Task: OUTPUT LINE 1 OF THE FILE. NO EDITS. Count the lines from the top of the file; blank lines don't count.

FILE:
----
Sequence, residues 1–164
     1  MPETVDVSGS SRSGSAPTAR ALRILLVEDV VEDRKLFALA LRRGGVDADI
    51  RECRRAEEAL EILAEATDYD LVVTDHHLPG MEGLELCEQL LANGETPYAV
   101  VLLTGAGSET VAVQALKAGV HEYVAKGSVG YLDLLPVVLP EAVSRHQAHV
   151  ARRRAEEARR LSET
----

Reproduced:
Sequence, residues 1–164